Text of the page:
If elected, what strategies would you like to pursue to eliminate domestic violence?
All New Zealanders. At the most basic level all New Zealanders need to be paid a decent wage. Many incidents of domestic violence occur due to financial stresses. This means increasing not only the minimum wage but benefit levels as well. Greater control of where gambling machines can operate must be awared to local communities to prevent gambling addicitons from becoming prevelant in low income areas as they currently do.

Question 9. Successive governments have effectively cut the Domestic Purposes Benefit. Do you believe people raising children alone should have sufficient financial support from the state so that they do not need to go to work until they believe that is the best choice for their family? (Yes or No or No Answer, please)
Yes!

Question 10. Women do the vast majority of cooking and shopping, and increases in food prices are a burden borne disproportionately by women. What do you think our government can or should do to ensure that everyone has access to good food?
The removal of GST would be a first step towards lowering the cost of basic items such as food. Raising of benefit and wage levels as previously mentioned would also create greater access to good food.

Another step in the right direction would be to adopt the Alliance taxation plan where those on lower incomes actually get a decent tax cut, not just the crumbs from the tables of those already well off.

Question 11. Do you have any further comments that you wish to make about the role of women in our society? Please feel free to share your thoughts here.
Here is an extract from the Alliance website on women:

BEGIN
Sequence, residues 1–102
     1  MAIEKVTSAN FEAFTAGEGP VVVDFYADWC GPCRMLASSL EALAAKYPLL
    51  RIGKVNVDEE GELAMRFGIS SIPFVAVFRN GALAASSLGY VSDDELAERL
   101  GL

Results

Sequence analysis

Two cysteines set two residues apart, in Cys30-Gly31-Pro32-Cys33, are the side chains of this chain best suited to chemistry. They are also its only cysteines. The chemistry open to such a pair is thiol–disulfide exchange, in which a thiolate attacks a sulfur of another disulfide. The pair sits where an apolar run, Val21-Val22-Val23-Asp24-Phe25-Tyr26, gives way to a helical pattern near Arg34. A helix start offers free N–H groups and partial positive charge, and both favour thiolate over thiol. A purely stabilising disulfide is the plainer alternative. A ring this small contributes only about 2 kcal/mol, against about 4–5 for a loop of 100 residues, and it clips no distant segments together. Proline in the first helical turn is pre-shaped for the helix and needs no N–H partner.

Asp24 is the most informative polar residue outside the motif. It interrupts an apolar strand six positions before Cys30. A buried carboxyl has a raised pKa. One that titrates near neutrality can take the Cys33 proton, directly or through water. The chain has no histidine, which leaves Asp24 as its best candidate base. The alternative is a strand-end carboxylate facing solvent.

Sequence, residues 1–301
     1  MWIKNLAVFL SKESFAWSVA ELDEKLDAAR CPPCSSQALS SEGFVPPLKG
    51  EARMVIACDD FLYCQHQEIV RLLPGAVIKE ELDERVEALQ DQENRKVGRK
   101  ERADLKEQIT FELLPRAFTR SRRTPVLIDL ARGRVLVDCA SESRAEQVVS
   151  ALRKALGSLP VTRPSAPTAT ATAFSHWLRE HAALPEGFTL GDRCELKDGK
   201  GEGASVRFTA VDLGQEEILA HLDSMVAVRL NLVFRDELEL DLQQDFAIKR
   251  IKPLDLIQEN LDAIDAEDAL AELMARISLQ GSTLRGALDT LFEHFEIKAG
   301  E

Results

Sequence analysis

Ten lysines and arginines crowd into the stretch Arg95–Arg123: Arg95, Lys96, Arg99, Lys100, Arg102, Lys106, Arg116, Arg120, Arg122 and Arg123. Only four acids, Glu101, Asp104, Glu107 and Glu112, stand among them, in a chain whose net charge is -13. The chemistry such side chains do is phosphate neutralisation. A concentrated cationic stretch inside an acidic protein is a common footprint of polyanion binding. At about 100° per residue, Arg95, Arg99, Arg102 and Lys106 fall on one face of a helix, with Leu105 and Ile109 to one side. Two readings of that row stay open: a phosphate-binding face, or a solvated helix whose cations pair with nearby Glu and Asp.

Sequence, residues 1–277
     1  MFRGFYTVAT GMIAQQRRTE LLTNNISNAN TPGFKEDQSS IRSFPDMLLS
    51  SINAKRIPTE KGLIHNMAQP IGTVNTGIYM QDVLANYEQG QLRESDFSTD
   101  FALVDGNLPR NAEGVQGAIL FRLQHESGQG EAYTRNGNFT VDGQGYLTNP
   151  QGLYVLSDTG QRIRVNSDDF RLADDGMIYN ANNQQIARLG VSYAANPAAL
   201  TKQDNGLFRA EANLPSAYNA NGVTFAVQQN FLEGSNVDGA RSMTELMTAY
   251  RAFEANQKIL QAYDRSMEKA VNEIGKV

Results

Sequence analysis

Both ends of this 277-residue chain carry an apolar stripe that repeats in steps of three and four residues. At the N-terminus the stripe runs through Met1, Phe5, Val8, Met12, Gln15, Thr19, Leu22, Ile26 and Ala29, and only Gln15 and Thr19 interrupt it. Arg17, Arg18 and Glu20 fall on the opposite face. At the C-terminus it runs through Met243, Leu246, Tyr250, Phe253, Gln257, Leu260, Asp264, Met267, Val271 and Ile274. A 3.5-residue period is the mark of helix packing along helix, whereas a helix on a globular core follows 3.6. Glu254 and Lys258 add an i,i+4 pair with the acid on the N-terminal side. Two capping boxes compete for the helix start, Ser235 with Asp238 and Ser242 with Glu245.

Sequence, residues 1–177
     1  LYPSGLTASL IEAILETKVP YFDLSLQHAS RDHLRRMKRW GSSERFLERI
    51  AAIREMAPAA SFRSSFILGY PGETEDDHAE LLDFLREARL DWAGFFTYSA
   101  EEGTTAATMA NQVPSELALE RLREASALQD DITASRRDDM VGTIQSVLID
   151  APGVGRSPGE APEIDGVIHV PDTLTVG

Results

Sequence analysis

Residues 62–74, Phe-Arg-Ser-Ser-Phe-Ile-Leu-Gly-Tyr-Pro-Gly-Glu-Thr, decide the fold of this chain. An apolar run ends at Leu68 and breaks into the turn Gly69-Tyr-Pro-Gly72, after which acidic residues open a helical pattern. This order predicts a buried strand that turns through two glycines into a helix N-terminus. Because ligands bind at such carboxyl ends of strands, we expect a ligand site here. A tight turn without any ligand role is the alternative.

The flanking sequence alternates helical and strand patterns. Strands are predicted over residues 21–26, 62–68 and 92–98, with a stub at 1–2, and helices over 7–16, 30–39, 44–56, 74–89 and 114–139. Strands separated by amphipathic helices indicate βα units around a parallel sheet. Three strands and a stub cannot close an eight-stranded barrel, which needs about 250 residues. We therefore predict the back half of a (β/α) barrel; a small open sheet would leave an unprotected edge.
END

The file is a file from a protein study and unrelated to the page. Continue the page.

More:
Women

* The Alliance will extend pay equity to the private sector. Pay inequities will be reduced when we have free childcare and after-school care, and when the work that women commonly do is rewarded with decent pay.
* We will introduce 12 months’ paid parental leave for primary caregivers and two weeks’ paid parental leave for their partners.
* We recognise the contribution of women in unpaid work.
* We will introduce work–life balance provisions to address workers’ family responsibilities.
* We support more effective strategies and increased funding to protect women from violence.

Thank you for taking the time to read my thoughts. Have a nice day.

5 comments:

Julie said...

Lots of people reading this, but no comments... That's a bit odd! Any lurkers care to share?

Anna said...

Thanks for your response, Richard. I've got a question! When a party is out of parliament, it's a whole different ball game, and the resources available to you are far fewer. What's the strategy for getting back in there? (I'm assuming that it's a medium or long term strategy!)

Kimberley said...

Not sure if I'm being fair, but tax cuts and the like pop up a little too often. I think the issue of caring work (Q5) needs something a bit more targetted.

I'm very pleased Richard Wallis took the time to respond. Wgtn Central is my patch, so this was of particular interest to me. Thank you, Hand Mirror!

richard mcgrath said...

Well done Richard, I think it's appalling that lower paid people (and in fact anyone) should have to pay income tax. I commend the Alliance on its policy of first $10k of income tax-free and GST scrapped. The Maori Party says first $25k tax free and Libertarianz say first $50k tax-free. Any major parties out there care to raise that?

richard mcgrath said...

Richard, I know the idea of a minimum wage might sound great, but it's economically unsound. If $17 an hour is such a good idea, why not $25? Why not $50 an hour?

The reson this would not be so good is because employers who are struggling under the burden of taxation and compliance, and especially those whose profits are declining, and whose future is uncertain, would hesitate to employ more staff and might lay staff off and/or shift their operation to where labour is cheaper (i.e. overseas).

Bottom line: Minimum wage laws have an adverse effect on employment prospects for the unskilled and young.